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Quilt Temp Ratings Fairly Accurate?

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Quilt Temp Ratings Fairly Accurate?

Postby juliabrooke » Mon May 25, 2015 9:44 am

Hi Everyone,
I'm fairly new to the world of backpacking, but have done my fair share of camping. I have a few backpacking trips coming up this summer (2 in the Sierra's) and am looking to buy a sleeping bag or quilt. I'm 5"7, 130 lb female, cold and restless sleeper. I absolutely cannot stand sleeping on my back always manage to get tangled in mummy or even semi rectangular bags. At this point I am leaning towards purchasing a quilt, but I am nervous about the warmth factor. Any guidance or advice on this? Are the lower rated quilts (0 or 20 degree) from EE or other makers accurate? Or at least within a 10-15 degree window? I'm trying to stay fairly cost friendly on this whole thing as well.



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Re: Quilt Temp Ratings Fairly Accurate?

Postby Hobbes » Mon May 25, 2015 4:29 pm

A few years ago I made a down quilt using the Thru-hiker.com kit. Paul (trailname Ayce) hiked the PCT in '99 and is an expert on materials. When I spoke to him while ordering, he was honest when he said quilts don't work that well below 25 degrees. As it gets colder, it's not the amount of insulation (which is still important), but the difficulty of re-generating heat if cold air is allowed to enter. I over-filled mine from the std 12oz to 15oz of 900FP down, but I still treat my quilt as good to 25 degrees in a pinch.

Image

If you're a tosser, cold sleeper or expect colder temperatures, you should probably get a bag. If you like to backpack and think you'll still be doing it in the years to come, then investing in a really high quality bag is a smart move. That's because the cost per year/night out becomes pretty small when averaged over its lifespan. (10-20, maybe even 30, years - unlike synthetic materials, down doesn't really degrade.)

Probably the two highest rated bags are Western mountaineering and Feathered Friends. FF sells a lot of these bags:

http://featheredfriends.com/egret-ul-wo ... g-bag.html
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Re: Quilt Temp Ratings Fairly Accurate?

Postby AlmostThere » Mon May 25, 2015 4:37 pm

I have Jacks R Better Hudson River quilts (3 season, 20-25F depending) and while initially nervous I have found over 8 years since the initial purchase I haven't had a cold night. I have used them into November and on nights when the temp at dinnertime was in the mid 20s. While my base layer and hat change with the season, most of the time they are adequate or even overkill.

I picked up a 0 degree Hammock Gear Burrow with 2 oz overstuff, and while I have not had it out in 0 degree weather, it is fine below freezing and a little too warm 40 and above.

EE is a well respected maker in the ultralight community and likely deserves the rep, though I have only seen them and not used them. All the cottage makers I have firsthand experience with have turned out excellent quality product. Certainly much more reliable than my experiences with mass produced sleeping bags.

There is a learning curve with quilts - you can't expect to have the quilt tied to the pad and get good results. Mine work best tucked around me. I can never fall asleep on my back and always sleep on my side with my legs slightly bent. Reaching under myself to pull the edges in (back to front) and tucking in the front from the inside works best. In colder temps I use the draw string to tighten around my neck. I am more active when uncomfortable and had horrible nights twisted inside sleeping bags - since switching the increase in comfort (when accompanied by an adequate sleeping pad or hammock with underquilt!!!! I have never been comfy on Thermarest Prolites, blue ccf pads, or any air mattress thinner than two inches!!!! my hip hits the ground every. single. time) has led to my becoming a sound and stable sleeper with few movements to open gaps along the edges of the quilt. A quilt of adequate width is a wonderful thing. (As you can tell, I do not agree that active sleepers won't like quilts - they might not, but then again, perhaps we are only looking for more comfort so we can settle down)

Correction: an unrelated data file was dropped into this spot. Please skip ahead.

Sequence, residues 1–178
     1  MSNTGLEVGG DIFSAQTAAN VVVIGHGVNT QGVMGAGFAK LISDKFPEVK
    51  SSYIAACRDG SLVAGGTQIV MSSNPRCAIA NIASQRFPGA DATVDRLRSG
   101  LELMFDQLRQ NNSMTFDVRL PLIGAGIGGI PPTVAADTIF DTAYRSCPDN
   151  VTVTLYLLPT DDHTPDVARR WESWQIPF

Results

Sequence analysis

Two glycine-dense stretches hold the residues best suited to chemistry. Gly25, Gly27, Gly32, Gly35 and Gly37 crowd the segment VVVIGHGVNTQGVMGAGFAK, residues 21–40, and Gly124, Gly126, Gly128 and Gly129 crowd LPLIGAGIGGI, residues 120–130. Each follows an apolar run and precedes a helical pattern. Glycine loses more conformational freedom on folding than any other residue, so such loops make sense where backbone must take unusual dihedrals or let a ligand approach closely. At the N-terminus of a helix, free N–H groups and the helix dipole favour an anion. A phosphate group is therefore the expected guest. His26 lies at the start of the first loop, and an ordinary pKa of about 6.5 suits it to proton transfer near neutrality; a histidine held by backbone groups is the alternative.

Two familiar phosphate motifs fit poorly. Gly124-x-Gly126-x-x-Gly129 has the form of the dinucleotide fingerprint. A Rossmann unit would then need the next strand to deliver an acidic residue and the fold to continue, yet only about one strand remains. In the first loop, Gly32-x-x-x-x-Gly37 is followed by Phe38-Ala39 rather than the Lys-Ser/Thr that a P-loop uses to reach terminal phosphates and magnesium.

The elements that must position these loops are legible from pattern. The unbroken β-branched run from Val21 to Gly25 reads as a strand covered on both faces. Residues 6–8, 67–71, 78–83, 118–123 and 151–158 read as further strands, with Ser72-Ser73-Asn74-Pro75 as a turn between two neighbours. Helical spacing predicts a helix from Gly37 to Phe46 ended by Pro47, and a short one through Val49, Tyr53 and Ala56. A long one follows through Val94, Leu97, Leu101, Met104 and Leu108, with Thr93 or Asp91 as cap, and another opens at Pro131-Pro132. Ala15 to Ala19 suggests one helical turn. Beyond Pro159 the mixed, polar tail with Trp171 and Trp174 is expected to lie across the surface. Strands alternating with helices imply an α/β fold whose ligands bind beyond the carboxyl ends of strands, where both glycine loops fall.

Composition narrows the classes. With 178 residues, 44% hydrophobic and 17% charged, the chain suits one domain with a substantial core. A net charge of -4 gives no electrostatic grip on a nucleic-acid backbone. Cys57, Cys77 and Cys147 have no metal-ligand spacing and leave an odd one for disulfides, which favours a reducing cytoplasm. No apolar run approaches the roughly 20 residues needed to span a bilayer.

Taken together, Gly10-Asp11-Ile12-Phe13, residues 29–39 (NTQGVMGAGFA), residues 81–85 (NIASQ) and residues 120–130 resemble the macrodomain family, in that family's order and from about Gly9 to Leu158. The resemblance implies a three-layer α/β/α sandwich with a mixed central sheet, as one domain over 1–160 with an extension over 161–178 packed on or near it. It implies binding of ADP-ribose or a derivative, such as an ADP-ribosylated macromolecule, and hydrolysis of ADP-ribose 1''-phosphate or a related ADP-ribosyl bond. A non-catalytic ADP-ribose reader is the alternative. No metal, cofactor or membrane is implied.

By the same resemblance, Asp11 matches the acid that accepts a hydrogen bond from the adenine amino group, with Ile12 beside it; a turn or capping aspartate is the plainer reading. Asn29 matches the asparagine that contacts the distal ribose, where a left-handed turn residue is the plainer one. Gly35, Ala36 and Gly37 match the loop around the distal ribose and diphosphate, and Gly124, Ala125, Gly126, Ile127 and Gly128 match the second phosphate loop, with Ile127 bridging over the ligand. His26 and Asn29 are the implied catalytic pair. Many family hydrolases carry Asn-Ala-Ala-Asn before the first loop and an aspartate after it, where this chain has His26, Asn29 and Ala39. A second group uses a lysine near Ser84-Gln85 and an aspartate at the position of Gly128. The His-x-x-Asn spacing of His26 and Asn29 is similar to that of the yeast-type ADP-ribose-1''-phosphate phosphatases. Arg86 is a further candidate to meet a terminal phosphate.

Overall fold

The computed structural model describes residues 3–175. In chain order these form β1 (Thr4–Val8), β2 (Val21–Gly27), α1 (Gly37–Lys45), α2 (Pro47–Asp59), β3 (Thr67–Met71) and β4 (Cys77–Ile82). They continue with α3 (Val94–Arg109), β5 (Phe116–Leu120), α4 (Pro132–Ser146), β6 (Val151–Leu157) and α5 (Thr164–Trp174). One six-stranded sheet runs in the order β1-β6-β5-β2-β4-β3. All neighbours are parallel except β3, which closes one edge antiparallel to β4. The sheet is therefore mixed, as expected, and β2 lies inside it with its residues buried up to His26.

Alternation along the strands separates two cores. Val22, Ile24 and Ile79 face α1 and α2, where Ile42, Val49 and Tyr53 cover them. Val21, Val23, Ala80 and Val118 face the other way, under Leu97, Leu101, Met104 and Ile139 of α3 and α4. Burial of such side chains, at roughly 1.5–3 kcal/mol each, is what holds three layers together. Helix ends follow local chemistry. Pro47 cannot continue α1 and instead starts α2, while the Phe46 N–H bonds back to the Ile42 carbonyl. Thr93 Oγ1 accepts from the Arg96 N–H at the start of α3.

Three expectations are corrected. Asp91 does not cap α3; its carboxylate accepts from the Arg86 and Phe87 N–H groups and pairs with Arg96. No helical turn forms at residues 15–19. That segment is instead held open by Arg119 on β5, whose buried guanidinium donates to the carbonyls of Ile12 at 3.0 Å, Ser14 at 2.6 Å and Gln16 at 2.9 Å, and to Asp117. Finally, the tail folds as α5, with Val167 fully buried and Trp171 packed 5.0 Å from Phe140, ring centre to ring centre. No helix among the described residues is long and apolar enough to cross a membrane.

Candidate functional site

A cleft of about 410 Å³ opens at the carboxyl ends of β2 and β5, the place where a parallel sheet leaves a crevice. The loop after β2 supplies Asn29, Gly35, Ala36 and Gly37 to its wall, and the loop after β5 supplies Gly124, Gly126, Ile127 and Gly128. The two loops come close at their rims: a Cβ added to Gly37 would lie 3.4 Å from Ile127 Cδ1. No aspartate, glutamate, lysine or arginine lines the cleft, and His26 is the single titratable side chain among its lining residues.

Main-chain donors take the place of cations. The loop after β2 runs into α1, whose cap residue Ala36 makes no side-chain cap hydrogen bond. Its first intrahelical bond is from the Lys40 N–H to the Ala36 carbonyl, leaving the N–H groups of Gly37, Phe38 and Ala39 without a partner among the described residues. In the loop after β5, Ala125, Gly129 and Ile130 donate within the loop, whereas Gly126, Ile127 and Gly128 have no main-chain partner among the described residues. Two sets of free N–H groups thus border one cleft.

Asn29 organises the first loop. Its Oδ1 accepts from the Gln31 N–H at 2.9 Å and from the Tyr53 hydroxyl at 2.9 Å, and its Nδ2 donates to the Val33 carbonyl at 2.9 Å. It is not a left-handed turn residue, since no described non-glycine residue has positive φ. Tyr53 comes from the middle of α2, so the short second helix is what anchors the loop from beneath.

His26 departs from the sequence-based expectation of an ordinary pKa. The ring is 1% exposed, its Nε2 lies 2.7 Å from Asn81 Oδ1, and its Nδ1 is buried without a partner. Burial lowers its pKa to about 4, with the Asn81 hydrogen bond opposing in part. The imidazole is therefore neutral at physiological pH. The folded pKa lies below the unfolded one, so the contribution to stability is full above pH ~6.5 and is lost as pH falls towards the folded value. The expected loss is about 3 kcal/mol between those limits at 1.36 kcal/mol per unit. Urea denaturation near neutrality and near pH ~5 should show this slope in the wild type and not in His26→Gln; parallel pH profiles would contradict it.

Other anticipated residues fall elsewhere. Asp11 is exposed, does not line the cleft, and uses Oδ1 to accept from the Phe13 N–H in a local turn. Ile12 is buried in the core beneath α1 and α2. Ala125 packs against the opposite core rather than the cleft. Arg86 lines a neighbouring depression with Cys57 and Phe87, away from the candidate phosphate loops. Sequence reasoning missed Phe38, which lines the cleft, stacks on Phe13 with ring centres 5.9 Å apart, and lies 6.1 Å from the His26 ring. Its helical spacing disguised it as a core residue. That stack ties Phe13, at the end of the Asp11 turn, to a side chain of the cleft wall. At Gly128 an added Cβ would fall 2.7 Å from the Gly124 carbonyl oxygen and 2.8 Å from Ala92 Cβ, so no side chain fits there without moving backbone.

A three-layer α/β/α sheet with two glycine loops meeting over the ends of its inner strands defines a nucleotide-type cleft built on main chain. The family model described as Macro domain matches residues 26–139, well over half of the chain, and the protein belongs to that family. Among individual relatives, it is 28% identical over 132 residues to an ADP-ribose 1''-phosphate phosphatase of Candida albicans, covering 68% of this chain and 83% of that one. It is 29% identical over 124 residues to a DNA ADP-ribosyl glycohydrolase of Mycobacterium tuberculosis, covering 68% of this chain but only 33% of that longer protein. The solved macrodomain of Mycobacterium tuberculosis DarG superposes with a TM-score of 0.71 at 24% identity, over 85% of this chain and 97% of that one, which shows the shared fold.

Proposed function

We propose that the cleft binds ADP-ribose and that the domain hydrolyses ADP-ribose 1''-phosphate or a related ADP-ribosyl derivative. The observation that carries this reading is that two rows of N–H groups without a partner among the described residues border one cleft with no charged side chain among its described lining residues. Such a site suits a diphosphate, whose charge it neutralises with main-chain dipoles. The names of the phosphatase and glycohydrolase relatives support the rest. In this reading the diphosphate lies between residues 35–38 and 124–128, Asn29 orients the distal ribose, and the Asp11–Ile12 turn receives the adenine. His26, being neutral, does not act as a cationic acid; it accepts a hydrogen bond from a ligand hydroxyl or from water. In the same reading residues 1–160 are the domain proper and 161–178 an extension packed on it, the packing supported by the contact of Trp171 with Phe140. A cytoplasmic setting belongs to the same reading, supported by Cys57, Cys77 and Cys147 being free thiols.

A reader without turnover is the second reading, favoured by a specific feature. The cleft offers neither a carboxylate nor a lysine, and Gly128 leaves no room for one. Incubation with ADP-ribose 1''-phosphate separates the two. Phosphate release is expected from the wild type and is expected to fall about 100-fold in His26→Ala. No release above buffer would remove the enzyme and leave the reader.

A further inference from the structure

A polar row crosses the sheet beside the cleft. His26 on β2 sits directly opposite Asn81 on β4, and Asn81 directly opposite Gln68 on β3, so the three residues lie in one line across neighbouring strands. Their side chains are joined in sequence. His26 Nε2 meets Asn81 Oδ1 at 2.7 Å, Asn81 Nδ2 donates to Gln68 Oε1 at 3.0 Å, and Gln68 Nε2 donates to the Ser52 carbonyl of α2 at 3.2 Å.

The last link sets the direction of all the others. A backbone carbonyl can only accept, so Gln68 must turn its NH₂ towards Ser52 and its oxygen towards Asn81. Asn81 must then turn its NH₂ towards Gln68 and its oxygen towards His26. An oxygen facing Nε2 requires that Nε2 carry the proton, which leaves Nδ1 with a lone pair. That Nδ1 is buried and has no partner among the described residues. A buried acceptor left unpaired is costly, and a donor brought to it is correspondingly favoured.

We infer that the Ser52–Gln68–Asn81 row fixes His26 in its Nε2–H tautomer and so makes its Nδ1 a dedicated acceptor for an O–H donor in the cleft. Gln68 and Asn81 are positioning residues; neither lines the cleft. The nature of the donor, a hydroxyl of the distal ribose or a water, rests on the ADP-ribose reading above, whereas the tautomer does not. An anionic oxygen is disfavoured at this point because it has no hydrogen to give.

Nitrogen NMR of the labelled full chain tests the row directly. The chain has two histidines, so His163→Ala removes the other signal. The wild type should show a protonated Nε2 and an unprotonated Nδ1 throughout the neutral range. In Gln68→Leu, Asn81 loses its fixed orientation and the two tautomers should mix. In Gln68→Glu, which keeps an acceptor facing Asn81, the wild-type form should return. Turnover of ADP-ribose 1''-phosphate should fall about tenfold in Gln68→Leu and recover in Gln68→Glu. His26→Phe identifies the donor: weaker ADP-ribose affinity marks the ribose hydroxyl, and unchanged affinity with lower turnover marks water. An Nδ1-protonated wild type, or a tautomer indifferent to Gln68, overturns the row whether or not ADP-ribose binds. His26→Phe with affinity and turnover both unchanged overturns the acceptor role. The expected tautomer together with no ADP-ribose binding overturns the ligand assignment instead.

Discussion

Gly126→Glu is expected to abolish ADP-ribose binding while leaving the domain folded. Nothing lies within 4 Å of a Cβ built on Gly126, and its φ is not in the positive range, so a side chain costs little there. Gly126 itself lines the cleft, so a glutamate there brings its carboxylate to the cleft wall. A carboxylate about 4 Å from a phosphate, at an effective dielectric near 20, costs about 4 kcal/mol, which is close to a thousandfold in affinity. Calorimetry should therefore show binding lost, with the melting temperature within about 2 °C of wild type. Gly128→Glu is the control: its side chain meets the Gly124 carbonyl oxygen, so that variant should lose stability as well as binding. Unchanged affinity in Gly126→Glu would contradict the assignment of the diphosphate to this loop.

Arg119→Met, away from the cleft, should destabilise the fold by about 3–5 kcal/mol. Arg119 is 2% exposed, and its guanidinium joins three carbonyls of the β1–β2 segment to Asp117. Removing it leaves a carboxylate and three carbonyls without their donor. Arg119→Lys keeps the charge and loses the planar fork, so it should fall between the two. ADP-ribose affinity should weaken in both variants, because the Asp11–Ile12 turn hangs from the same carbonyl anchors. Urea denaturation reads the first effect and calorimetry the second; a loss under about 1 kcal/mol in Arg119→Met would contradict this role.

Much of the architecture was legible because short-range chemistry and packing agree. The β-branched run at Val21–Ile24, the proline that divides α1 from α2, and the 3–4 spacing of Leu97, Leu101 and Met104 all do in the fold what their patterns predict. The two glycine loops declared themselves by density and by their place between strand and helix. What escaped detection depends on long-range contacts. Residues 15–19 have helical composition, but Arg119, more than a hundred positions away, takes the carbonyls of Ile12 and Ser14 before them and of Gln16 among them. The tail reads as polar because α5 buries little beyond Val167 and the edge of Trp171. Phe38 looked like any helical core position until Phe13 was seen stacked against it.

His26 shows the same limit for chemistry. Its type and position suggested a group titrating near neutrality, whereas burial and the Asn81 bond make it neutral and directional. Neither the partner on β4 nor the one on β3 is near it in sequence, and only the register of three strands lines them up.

While not for everyone, certainly, especially people who aren't willing to even try, they have been keeping me in the backcountry longer and more comfortably for quite a while now. I may get my very-tall boyfriend one for Christmas so he can toss out the mummy bag he currently freezes in.
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Re: Quilt Temp Ratings Fairly Accurate?

Postby maverick » Mon May 25, 2015 4:55 pm

Hi Julia,

Welcome to HST! We have a few members who are quilt users, like the members who have already chimed in. Please take advantage of the "search feature" at the top of the page to search several previous threads about quilts that may help.
If you have a moment, it would be great if you introduced yourself here :) : viewtopic.php?f=1&t=9329
HST= Wilderness Adventurer who knows no bounds, except for their own imagination.

Have a safer backcountry experience by using the HST ReConn Form 2.0, named after Larry Conn, a HST member: http://reconn.org
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Quilt Temp Ratings Fairly Accurate?

Postby gabe&mel » Mon May 25, 2015 10:27 pm

Julia,

I have two Enlightened Equipment quilts: an older 30 degree with the Karo baffles and a new 20 Degree quilt. On the 30 degree quilt I felt like it was a tad cool at freezing temperatures (side note I'm 5'11" and 200 lbs) and would require me to put on my insulated jacket, though I highly suspect the cause was an inefficient baffle system that they no longer use. Ive used the 20 degree quilt in temps in the mid 20s and felt fine and toasty.

I'd look at your ground insulation too though as I've found that my exped synmat hyper lite and UL 7 were at cool at around 25 degrees requiring me to stuff clothing under my pad. My partner Mel uses a big Agnes Q-core sl in the same conditions and has never had any issues.

Almost forgot about keeping your head warm. I use a wool beanie/Balaclava down to freezing. Below that I will drape my down jacket over my head or put on my down jacket and wear the hood. Mel will use a Capilene 4 hoodie and a buff, then if it's cold enough will use her down jacket hood.


Last thought: if I were routinely expecting my trip to be at 30 degrees I would error on the side of caution and use my 20 degree quilt. We have camped in 50 degree weather and just thrown the quilts on top of us like a blanket and have been very comfortable.